For omelets, fill lightly, avoid overly-wet ingredients, and pick what’s fresh and delightful. Here’s what I mean.
The beautiful thing about omelets is that you can fill them with seasonal goodies (just don’t overfill — and you want the filling relatively free of water).
This filling is great for Spring. Make sure you drain the burrata, though!
1/2 cup burrata per omelet.
Place the burrata in a fine mesh sieve, and position the sieve over a paper towel or two.
Let the burrata drain. It has a little watery whey to it which will make the omelette watery if you don’t .
When it’s drained, whip it with a fork until it’s creamy. (See the photo — that’s burrata in a bowl, and it’s so, so good.)
You could use another cheese, such as a ricotta or even a very soft goats cheese if you’d prefer not to go through the draining process.
As you’re beating the eggs, season them. Here’s my suggestion:
1 tablespoon chopped parsley
1/2 teaspoon chopped oregano
Salt and fresh black pepper to taste
Hash brown potatoes
You can make these right before you make the omelet, and leave them in your EuroCAST skillet (a big one is good for these, and the big skillet holds heat nicely thanks to the dense ferrous plate on the bottom).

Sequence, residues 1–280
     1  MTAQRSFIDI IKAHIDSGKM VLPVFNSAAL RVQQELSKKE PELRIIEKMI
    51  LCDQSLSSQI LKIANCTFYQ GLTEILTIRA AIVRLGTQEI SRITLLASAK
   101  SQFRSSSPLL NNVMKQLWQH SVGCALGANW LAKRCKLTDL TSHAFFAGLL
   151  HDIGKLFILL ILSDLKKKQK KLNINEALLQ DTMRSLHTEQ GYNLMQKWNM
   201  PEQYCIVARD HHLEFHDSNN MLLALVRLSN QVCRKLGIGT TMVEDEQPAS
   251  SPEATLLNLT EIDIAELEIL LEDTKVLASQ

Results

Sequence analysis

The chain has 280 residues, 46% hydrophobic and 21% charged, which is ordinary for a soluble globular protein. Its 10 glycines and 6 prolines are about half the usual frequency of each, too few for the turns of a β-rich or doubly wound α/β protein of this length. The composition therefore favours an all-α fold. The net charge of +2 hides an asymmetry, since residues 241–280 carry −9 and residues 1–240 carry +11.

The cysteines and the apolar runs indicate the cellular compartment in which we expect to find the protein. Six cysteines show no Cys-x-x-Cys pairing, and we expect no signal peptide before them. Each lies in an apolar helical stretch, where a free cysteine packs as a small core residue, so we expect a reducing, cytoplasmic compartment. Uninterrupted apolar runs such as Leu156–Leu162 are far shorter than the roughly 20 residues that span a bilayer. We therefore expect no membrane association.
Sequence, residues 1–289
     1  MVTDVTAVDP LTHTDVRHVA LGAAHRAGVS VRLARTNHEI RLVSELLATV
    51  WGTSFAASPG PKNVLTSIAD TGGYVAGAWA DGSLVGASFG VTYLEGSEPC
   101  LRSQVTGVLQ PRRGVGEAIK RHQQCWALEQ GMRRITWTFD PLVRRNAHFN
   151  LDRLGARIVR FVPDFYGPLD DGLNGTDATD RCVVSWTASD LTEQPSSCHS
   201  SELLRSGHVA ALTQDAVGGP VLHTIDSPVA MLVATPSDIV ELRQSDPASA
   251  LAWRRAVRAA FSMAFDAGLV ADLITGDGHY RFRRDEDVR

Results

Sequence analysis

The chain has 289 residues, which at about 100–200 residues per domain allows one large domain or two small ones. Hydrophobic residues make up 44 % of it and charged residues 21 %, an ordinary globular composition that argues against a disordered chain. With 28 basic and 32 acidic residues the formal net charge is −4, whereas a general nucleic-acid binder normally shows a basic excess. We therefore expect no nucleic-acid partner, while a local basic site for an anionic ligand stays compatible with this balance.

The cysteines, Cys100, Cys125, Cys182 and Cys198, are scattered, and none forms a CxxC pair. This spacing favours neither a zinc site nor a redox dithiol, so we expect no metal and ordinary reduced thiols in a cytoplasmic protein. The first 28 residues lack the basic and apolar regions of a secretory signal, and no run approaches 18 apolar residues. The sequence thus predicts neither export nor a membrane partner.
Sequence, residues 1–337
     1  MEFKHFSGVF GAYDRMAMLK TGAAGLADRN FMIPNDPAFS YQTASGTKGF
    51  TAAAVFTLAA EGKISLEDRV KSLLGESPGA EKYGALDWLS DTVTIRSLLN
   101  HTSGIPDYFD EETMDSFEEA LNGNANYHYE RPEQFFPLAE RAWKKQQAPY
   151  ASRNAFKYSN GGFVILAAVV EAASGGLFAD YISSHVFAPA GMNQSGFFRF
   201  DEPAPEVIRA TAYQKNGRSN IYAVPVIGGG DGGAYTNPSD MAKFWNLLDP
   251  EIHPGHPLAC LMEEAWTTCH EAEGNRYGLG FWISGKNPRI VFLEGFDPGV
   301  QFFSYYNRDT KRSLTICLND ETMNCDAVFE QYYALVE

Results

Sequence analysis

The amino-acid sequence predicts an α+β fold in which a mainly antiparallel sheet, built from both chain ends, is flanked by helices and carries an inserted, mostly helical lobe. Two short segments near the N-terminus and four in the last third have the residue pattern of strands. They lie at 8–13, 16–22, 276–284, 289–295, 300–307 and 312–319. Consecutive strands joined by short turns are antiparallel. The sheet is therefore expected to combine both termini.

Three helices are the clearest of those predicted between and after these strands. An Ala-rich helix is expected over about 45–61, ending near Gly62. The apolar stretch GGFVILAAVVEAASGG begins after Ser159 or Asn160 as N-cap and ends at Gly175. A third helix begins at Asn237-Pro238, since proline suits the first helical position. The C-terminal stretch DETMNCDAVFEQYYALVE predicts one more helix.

The trick to making these lickety-split and with a lovely browning: Boil the potatoes whole the night before. So Sandro said to me, and we then proved that terrific advice in his kitchen. (Video to come.)
3 waxy yellow or white potatoes
1-2 potatoes per person
1/2 of a large red onion, sliced thin
Salt and pepper
Herbs you love — I suggest parsley, oregano, chopped chives
Finely diced Serrano or Jalepeno if desired. I do desire.
The night before:
Cook them until just fork tender, then let them sit covered in your Eurocast Dutch oven until cool then retire them to the fridge to cool completely, ideally overnight. You can keep them in the fridge for a couple of nights though, with no problem.
The day you’ll be making your hash browns:
Slice them into match sticks (see photos)
Once cut into matchsticks, season the potatoes well with salt and pepper
Cooking over low heat to insure even browning. The potatoes are already cooked so theres no fear of running your teeth over a toothsome bit of potato. But, you don’t want them to burn. So keep it low and slow.
In your small EuroCAST skillet (or medium — if you’re making a lot of hash browns), over low heat:
Add 1/8 cup olive oil.
When the oil is hot add 1/2 of the potatoes in an even layer
Add the sliced red onion and the 1/2 of the herbs
Cover with the remaining potatoes and mash down with the back of a spoon
Continue to cook until the underside has browned nicely and has crisped, about 5-7 minutes
Over the sink, invert onto a large plate so the crisp, brown side is up on the plate
Then take the pan and the plate back to the stove, and slide the non-crisp side down into the skillet
Cook until that side has crisped nicely, about 5-7 minutes
Let cool slightly and garnish with the remaining herbs and chilis.
Cut into wedges.
Now, eat it, baby! Ideally with a freshly-made omelet.